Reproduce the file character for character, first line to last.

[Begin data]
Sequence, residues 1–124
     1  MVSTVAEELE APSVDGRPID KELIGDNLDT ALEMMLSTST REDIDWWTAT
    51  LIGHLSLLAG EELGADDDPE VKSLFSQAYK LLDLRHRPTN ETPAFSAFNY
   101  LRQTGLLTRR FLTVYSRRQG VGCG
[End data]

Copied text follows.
Sequence, residues 1–124
     1  MVSTVAEELE APSVDGRPID KELIGDNLDT ALEMMLSTST REDIDWWTAT
    51  LIGHLSLLAG EELGADDDPE VKSLFSQAYK LLDLRHRPTN ETPAFSAFNY
   101  LRQTGLLTRR FLTVYSRRQG VGCG